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Rhetorical Devices in The Nymph's Reply to the Shepherd

Rhetorical Devices Examples in The Nymph's Reply to the Shepherd:

Text of the Poem

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"To come to thee and be thy love. ..."   (Text of the Poem)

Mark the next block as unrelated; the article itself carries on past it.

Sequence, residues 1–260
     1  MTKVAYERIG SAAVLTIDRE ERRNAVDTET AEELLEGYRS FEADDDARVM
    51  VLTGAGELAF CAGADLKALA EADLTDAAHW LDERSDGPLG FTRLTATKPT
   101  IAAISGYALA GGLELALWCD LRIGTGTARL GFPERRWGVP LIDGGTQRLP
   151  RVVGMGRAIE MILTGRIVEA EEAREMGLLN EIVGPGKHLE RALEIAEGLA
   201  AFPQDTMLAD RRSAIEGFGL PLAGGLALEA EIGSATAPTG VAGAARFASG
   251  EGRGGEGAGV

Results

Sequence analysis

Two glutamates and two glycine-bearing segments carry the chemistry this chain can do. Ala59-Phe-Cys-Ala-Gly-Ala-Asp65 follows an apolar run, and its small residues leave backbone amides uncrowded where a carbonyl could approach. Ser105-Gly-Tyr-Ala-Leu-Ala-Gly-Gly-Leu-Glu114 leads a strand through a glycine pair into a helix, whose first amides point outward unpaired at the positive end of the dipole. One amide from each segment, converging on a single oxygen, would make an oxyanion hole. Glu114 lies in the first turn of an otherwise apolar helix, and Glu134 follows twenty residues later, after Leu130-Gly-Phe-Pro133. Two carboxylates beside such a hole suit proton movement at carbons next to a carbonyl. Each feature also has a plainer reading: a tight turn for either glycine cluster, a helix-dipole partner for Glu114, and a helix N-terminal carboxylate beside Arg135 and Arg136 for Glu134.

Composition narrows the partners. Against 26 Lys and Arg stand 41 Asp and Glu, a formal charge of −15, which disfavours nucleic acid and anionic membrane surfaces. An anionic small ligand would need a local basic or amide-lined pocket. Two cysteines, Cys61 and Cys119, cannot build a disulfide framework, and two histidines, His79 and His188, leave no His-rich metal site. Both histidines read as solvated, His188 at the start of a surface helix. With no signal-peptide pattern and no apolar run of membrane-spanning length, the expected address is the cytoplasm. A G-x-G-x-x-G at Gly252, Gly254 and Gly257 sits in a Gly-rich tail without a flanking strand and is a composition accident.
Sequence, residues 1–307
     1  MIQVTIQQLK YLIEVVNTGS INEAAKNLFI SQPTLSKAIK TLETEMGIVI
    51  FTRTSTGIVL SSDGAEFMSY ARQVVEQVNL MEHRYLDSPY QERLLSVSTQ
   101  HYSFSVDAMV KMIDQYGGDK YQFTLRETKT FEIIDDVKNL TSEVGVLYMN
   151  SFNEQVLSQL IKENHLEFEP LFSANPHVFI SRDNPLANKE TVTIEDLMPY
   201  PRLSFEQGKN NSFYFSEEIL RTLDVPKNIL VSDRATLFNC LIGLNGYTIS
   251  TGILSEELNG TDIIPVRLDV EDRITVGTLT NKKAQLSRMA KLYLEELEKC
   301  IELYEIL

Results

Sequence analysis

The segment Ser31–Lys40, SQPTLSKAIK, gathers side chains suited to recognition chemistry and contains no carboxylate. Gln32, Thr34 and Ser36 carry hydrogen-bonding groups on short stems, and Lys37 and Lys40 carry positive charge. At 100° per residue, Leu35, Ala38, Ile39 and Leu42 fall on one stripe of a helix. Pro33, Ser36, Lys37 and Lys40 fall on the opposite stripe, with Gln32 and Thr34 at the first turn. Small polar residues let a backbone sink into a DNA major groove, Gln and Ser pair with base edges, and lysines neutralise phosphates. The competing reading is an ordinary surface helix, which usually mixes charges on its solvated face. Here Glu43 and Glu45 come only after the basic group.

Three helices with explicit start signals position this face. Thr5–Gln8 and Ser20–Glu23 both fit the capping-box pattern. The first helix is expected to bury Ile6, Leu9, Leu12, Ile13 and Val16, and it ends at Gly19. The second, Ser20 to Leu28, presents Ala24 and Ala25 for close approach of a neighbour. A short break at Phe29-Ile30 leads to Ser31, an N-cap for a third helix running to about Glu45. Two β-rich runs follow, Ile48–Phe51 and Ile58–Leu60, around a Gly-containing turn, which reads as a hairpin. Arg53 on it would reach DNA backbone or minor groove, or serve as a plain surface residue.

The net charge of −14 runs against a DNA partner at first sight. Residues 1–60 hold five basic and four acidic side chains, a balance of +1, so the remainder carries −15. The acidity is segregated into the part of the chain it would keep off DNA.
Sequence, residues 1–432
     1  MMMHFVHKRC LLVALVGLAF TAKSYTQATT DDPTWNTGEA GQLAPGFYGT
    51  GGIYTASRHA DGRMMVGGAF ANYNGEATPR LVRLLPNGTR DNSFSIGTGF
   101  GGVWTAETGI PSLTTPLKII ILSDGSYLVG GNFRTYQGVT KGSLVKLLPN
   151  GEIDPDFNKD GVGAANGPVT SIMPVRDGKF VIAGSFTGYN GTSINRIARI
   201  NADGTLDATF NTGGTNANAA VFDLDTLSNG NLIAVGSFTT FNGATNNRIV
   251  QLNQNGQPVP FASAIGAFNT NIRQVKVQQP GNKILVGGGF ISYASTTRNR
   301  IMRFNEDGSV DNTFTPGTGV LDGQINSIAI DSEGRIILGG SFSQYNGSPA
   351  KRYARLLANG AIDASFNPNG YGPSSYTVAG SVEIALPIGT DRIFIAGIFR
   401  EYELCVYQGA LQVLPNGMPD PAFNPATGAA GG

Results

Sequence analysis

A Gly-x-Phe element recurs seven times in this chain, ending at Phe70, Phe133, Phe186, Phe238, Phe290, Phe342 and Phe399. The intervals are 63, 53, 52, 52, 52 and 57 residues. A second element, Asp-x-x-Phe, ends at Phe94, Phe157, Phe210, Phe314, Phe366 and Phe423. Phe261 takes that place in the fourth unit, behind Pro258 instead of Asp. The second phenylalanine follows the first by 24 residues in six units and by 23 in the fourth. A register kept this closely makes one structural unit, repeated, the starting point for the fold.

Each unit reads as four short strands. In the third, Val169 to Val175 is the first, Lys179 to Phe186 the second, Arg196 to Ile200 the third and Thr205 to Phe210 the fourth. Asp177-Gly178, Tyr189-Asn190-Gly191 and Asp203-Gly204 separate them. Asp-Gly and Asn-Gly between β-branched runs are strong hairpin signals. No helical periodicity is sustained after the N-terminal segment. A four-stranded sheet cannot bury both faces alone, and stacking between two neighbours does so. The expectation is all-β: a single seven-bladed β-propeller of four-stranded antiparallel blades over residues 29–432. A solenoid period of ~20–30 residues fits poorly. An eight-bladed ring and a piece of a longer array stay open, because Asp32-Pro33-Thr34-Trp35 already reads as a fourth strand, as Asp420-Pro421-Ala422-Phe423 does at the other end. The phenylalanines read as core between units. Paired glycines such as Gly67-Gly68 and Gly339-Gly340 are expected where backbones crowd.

In the original poem, the shepherd repeats his initial request in the form of a conditional statement: “if these pleasures may thee move, come live with me and be my love.” Though the reader might expect the poem to stop after this repetition, it continues. The speaker lists more reasons why the woman should come with him. Here, Raleigh offers the reader a reason why the shepherd might continue: the nymph claims to be “unmoved” by the shepherd’s promised pleasures, so he must offer her new delights.

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